Retelling the story of abstract expressionism through women artists

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Retelling the story of abstract expressionism through women artists
The American artist Sylvia Snowden in front of her “Untitled” (1966), hanging in the exhibition “Action, Gesture, Paint” at London’s Whitechapel Gallery, on Feb. 8, 2023. The exhibition highlights how the movement emerged across the world during the mid-twentieth century. (Ellie Smith/The New York Times)

by Charlotte Jansen

LONDON.- When the landmark abstract expressionism show “The New American Painting” arrived at London’s Tate gallery in 1959, it featured work by 17 artists: all of them American, and 16 of them men. Financed in part by the CIA to promote liberty and independence as American ideals, the show toured throughout Europe.

In London, the audience was receptive. The show drew record visitors to the museum, and while not everyone appreciated the radical new works with aggressively applied paint, everyone was talking about them: British critics responded in more than 30 reviews. Had the Americans finally hit upon an autonomous artistic language that wasn’t derivative of European styles? Critics seemed to agree that they had, and that New York, for the first time, had superseded Paris as avant-garde art’s new frontier.

Sixty-four years later, a very different version of the abstract expressionist story is being told in London. The Whitechapel Gallery show “Action, Gesture, Paint” unravels the American myth of “AbEx” in 150 gestural paintings by 81 women artists from all over the world. The exhibition, which runs through May 7, then travels to the Fondation Vincent Van Gogh in Arles, France, and the Kunsthalle Bielefeld, in Bielefeld, Germany.

Laura Smith, the exhibition’s lead curator, said in an interview that she had spent more than a year researching women painters working in gestural abstraction between 1940 and 1970, and was surprised at how many she discovered, from all over the world.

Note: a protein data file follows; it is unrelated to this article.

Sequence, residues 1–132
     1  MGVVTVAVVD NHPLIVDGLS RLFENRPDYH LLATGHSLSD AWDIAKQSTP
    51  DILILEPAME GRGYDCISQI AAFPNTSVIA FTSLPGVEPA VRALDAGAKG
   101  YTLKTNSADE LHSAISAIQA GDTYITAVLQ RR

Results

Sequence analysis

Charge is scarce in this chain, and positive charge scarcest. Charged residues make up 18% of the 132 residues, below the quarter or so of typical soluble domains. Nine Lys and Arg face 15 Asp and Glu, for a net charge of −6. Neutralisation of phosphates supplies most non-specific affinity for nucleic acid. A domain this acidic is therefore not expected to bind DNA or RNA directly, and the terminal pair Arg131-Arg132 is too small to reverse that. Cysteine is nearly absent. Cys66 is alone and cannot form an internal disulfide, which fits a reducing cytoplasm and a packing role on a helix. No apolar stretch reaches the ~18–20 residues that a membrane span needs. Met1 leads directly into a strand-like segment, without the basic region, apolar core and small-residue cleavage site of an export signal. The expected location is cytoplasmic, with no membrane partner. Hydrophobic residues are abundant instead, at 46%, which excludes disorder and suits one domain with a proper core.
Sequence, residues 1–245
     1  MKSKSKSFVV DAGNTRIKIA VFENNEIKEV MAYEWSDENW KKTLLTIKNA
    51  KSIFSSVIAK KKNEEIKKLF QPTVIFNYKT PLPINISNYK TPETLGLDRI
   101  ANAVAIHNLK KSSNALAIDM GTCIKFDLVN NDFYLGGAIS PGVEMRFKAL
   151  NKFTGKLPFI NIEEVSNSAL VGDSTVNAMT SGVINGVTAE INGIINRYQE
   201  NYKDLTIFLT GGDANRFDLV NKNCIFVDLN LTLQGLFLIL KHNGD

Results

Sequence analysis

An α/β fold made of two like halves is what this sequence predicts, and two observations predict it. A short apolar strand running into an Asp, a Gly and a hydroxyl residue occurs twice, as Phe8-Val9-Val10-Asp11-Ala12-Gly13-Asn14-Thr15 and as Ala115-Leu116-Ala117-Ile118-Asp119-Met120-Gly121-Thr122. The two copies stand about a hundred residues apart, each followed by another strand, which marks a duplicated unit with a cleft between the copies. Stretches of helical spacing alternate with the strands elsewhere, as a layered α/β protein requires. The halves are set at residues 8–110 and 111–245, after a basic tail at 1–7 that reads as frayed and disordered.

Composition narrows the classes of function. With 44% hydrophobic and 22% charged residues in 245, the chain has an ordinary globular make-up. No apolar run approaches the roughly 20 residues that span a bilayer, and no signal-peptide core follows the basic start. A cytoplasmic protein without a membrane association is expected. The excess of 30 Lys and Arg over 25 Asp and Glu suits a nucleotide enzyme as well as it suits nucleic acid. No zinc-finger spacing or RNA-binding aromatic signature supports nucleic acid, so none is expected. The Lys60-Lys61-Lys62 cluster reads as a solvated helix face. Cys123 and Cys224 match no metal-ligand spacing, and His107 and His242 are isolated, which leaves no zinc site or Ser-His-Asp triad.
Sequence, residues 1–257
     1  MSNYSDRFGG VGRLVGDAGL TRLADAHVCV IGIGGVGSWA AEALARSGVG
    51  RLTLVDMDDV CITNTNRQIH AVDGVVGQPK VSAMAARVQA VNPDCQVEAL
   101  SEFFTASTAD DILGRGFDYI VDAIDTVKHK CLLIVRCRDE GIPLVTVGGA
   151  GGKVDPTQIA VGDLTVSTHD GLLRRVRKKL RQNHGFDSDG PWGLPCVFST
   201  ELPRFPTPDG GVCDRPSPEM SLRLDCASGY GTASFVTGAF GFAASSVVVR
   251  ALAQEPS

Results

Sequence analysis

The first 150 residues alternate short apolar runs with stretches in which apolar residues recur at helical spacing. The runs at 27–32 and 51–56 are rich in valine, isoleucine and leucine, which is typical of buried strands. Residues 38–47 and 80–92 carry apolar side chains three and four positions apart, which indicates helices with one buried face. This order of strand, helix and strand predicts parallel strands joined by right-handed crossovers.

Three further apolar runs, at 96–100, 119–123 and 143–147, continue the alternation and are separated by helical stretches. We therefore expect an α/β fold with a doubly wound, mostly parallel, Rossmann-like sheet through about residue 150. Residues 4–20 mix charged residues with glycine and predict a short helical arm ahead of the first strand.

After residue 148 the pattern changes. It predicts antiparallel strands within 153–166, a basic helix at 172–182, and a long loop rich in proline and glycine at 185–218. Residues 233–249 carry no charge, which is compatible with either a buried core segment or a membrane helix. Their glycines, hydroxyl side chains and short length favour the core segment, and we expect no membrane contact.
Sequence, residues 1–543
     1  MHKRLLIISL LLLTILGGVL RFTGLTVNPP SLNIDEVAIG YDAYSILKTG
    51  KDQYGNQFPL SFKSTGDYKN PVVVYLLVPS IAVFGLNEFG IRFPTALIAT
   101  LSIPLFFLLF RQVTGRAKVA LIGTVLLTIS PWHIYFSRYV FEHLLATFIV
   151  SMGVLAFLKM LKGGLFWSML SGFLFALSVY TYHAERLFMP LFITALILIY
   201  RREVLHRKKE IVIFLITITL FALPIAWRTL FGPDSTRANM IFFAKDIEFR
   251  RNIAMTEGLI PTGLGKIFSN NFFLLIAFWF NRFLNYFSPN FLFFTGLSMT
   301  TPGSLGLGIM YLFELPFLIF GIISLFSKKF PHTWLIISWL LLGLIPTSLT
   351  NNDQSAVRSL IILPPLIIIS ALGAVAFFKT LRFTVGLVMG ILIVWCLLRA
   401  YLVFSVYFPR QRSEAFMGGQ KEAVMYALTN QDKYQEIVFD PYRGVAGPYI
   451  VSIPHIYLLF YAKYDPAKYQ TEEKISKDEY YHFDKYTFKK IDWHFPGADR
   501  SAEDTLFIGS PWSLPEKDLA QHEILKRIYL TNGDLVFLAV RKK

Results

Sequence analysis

She realized that “if we were going to retell the story of abstract expressionism as not entirely masculine, we also had responsibility to retell it as not entirely American,” she said.

In the show and its accompanying catalog, Smith proposes that independent abstract expressionist styles emerged during that period in Latin America, Asia, Africa and Europe, and that these are equally important parts of the movement’s story.

“So many artists were making the same type of work around the world at the same time,” Smith said. “It wasn’t something America sold to the world: It was already happening, and it was being shared by artists who were traveling, teaching and exchanging ideas.”

The exhibition begins with “April Mood,” a 14-foot canvas with swaths of magnificent color by New York-born painter Helen Frankenthaler; in the same room are three pieces created six years earlier by a lesser-known Colombian contemporary, Fanny Sanín, who also experimented with flat planes of vibrant color

Sanín, 85, said in a phone interview that she developed her abstract expressionist style while studying at the University of the Andes, in Bogotá, Colombia, in the 1950s. She added that she was heavily influenced by her teachers there, Colombian painters David Manzur Londoño and Armando Villegas; at that stage, the American AbEx painters had no impact on her work, she said.